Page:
• Flowering / Fruiting Season: Inconspicuous flowers appear in early spring; winged fruits (samaras) mature in summer.

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4. Southern Magnolia – Magnolia grandiflora

The Southern Magnolia is a gorgeous icon of the South, with its big glossy green evergreen leaves with rusty velvety hairs on the lower side and massive magnolia blossoms up to a foot wide.

It thrives in full sun or partial shade with consistently moist but well-drained, rich organic soils.

Even though it’s hardy to Zone 6, it’s best in Zones 7-10. If this sounds like your yard, these trees will thrive and add stunning beauty and value to your property.

Southern magnolia is a large tree, best planted as a shade or specimen tree with room to grow, not too close to buildings or foundations. Some smaller dwarf cultivars are also available.

  • USDA Growing Zones: 6 – 10* *only grow it in Zone 6 if you have a nice sheltered location.
  • Average Size at Maturity: 60 – 80 ft tall, 30 – 50 ft spread
  • Flowering Season: Massive flowers usually bloom from May to June.

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5. Colorado Blue Spruce – Picea pungens

The Colorado Blue Spruce has a perfect Christmas tree shape with unique glaucous blue needle-like leaves on lush branches that go down to near ground level.

This popular western North American native spruce tree is well-known for increasing property value, and it’s a fantastic choice for those in colder climates where it thrives down to USDA Zone 3.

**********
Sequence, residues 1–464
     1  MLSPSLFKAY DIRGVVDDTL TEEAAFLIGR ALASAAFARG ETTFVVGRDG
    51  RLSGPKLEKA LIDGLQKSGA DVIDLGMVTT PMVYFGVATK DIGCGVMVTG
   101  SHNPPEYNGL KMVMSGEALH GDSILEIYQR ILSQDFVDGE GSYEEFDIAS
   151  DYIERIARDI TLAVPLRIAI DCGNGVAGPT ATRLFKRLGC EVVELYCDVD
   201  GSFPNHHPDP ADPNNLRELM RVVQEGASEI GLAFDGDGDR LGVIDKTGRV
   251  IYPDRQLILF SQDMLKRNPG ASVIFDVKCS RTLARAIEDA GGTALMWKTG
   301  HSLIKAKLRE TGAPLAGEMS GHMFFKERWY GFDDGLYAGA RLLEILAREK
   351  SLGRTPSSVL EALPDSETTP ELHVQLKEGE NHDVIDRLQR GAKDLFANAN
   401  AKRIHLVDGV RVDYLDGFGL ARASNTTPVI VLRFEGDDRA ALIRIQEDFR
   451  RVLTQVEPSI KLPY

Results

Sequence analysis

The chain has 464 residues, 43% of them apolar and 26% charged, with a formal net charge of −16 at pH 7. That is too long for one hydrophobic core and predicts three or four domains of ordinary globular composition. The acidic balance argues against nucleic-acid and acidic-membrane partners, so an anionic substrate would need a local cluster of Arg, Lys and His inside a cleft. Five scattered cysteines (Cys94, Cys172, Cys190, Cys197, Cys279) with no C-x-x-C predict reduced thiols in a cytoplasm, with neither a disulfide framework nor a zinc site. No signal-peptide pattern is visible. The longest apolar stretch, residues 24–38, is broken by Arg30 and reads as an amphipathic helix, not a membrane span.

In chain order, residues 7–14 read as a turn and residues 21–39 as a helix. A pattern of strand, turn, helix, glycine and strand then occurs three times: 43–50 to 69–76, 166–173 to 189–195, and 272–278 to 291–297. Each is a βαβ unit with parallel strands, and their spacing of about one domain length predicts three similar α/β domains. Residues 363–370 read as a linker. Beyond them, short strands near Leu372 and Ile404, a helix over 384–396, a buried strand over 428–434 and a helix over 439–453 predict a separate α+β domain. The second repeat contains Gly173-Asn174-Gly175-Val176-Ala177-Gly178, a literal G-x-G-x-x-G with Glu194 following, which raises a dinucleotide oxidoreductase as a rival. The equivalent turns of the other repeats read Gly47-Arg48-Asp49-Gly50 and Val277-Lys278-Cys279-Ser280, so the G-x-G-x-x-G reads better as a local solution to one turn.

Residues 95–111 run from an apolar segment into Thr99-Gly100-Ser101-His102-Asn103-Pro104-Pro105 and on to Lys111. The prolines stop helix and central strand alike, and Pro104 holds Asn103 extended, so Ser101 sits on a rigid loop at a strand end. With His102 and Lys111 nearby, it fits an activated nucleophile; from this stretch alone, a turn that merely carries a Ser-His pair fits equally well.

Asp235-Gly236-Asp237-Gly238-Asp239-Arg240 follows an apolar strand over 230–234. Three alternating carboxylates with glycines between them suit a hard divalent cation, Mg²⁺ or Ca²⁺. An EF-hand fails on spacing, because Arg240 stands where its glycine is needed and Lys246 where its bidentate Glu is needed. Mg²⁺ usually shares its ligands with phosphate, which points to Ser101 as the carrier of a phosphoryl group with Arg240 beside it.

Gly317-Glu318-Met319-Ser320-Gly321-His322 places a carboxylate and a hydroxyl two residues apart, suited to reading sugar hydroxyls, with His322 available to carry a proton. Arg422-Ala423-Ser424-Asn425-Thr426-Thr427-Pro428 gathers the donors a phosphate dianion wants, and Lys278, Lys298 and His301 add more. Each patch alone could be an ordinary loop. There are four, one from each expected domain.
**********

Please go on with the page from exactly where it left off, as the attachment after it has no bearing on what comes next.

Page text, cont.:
While it is more heat-tolerant than other spruce, those in more arid Zone 8 should avoid this tree unless they provide irrigation.

These beautiful trees are low-maintenance and will grow in virtually any soil type if planted in full sun.

  • USDA Growing Zones: 3 – 8
  • Average Size at Maturity: 30 – 60 ft tall, 10 – 20 ft spread
  • Flowering / Fruiting Season: Pollen cones release pollen in spring; seed cones mature in August of the same year.

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6. Crape Myrtles – Lagerstroemia indica

Crape Myrtles are gorgeous trees known to make your house look expensive. They are very popular with their showy flowers that often bloom all summer.

With shades of pink, purple, red, and white, you can choose various colors to match your house and property perfectly.

In the fall, the leaves turn gorgeous reds, purples, and yellows for an additional season of gorgeous color to brighten your property.

Crape Myrtles are low-maintenance trees that are small enough to fit in most yards and will adapt to most soil types as long as the climate is right; they prefer warm temperate climates.

  • USDA Growing Zones: 7 – 10* *Some are hardy to Zone 6 but not recommended here
  • Average Size at Maturity: 15 – 25 ft tall, 6 – 15 ft spread
  • Flowering / Fruiting Season: Showy flowers bloom continuously from June to September; berry-like fruits mature in fall.

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7. Bismarck Palm – Bismarckia nobilis

The Bismarck Palm is a true show-stopper for any yard that is warm enough, USDA Zone 9 and above.

Its stiff, waxy, fan-like leaves are up to 9 ft wide in a stunning steel-blue to gray-green color that will really pop, giving your yard a look of tropical extravagance, even though it’s not expensive to buy and incredibly easy to care for.

While it prefers well-drained soil, it’s not picky and will even grow in clay in full sun or partial shade.

While it is somewhat drought-tolerant, like most palms, it should be watered occasionally when grown in arid climates. Otherwise, in more humid climates, it will thrive without extra care.

  • USDA Growing Zones: 9 – 11